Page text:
As the temperatures outside warmed up to a long overdue 60 degrees, it marked that time of the year for the spring semester’s President’s Forum at Lorain County Community College. LCCC President Dr. Roy A. Church gave an insightful presentation on April 2. during the Student Senate-hosted event that took place in the campus’ College Center from 11:30 a.m. to 1 p.m.
“In today’s world of career, value of a higher education is not realized unless you can obtain a credential,” Church said. “Our goal here is to educate our students in areas people will pay for and work with the community at large. In a period of rapid change we need to deliberately reflect on those changes and learn to adjust.”
Church presented the topic of the forum “Student Engagement” after announcing the raffle of prizes such as Skull Candy headphones and apparel from the campus bookstore, Commodore Books & More.
Opening the forum with the question ‘What can the Student Senate do to get engaged in life on campus?,’ Church described his vision for LCCC of focusing on impacting lives with quality education.
The audience participated in a group activity, where each of the ten tables had to answer the question ‘Why is it important LCCC exists?’ via laptops provided by Student Senate.
“LCCC just offers more affordability,” Student Senator Phillip McHolland said. “Other colleges charge [have] more than triple the cost of [LCCC’s] tuition for undergraduate students, plus it provides parents or those in the workforce a chance to come back and pick up where they left off.”
Other responses included LCCC being a stepping stone to create jobs and students should take full advantage of the various University Partnerships offered through the college.
“It’s a ray of hope, so to speak,” said full-time LCCC student Justin Wascack, on describing the college. “Basically people want to stay [at LCCC] simply because they are proud of where they come from.”
One member of the audience however took on the question from a different perspective.
“This place used to be so much more vibrant,” said Shamballa Warner, a graduate student of LCCC. “When I was an undergraduate, I joined as many programs as possible [and] there was life here. Now everybody’s too scared to speak up.”
After the activity, Church’s presentation moved on to the Q & A portion of the forum. Previously submitted questions by current students covered topics regarding scholarships, the UP and opportunities to foster student engagement.
The scholarship questions were answered by Stephanie Sutton, dean of Enrollment, Financial and Career Services at LCCC.
“We offer many scholarships for students who study abroad,” Sutton said. “Although there is limited funding for international students, every year we still see an increase for scholarships than the year before.”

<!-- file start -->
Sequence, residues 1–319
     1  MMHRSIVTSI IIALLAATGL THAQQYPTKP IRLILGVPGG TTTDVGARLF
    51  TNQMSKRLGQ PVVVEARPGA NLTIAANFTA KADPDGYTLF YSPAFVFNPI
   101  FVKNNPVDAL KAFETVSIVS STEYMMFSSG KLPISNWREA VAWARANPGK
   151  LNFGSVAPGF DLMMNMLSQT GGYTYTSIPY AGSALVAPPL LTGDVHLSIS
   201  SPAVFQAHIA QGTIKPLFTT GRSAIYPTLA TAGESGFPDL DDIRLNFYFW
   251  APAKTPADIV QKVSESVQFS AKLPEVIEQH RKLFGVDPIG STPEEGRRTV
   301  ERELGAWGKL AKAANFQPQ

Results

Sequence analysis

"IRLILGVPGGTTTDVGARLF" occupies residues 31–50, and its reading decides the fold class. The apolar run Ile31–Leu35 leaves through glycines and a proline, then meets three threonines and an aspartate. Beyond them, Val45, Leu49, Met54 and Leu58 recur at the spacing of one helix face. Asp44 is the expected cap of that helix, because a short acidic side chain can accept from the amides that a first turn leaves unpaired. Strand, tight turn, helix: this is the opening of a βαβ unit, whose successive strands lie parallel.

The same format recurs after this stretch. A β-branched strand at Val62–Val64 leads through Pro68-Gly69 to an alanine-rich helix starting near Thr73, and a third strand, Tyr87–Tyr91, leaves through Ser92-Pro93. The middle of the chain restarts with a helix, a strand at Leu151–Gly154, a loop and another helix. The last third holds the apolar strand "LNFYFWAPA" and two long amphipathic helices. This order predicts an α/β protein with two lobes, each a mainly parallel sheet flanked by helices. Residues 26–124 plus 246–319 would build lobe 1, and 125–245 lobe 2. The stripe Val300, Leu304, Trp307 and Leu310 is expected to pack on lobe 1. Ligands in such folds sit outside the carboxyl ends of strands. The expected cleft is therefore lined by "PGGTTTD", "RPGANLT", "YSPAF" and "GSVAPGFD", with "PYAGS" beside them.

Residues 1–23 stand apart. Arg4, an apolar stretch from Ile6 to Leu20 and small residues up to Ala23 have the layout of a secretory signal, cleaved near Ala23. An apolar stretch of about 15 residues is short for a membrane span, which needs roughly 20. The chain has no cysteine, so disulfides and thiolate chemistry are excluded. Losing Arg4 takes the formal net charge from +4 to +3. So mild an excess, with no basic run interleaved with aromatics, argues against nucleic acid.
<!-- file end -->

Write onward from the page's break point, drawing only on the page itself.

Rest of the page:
Questions regarding the UP were directed toward John Crooks, associate provost to the UP.
“Beginning this fall, executive Masters Business Administration’s will be offered,” Crooks said. “ [This will] sav[e] students more than 70 percent of the cost for a bachelor’s degree at any university.”
Many students wanted a chance to give their opinions as to what could make LCCC a better institution.
“The teaching here should be more interactive instead of powerpoint presentations,” said Biology major Christelle Incza. There are no study groups or time to get together outside of class.”
All students were encouraged to form their own clubs or participate in other activities on campus as volunteers during this presentation and were encouraged to speak with Provost / Vice President for Academic and Learner Services Dr. Marcia Ballinger to express any concerns regarding LCCC’s student life.
Antonio Lateulade, a current LCCC student, said, “Dr. Church really covered a lot. I enjoyed how much he reinforces students on their feedback and encourages them to always come to the board with questions or opinions.”
The forum concluded with a surprise appearance from the Easter Bunny.The winner of a free iPad was Early College High School junior and Student Senator Carson Moen.
“Although we are blocked by the Ohio Board Regions for certain classes and certificates, we still care about our students,” said Church, in his closing statements. “We connect information from workforce data to find in-demand jobs. The last thing we want to do is send our students into diminishing workforce jobs.”
Reagan Sender (JRNM 151) contributed to this story.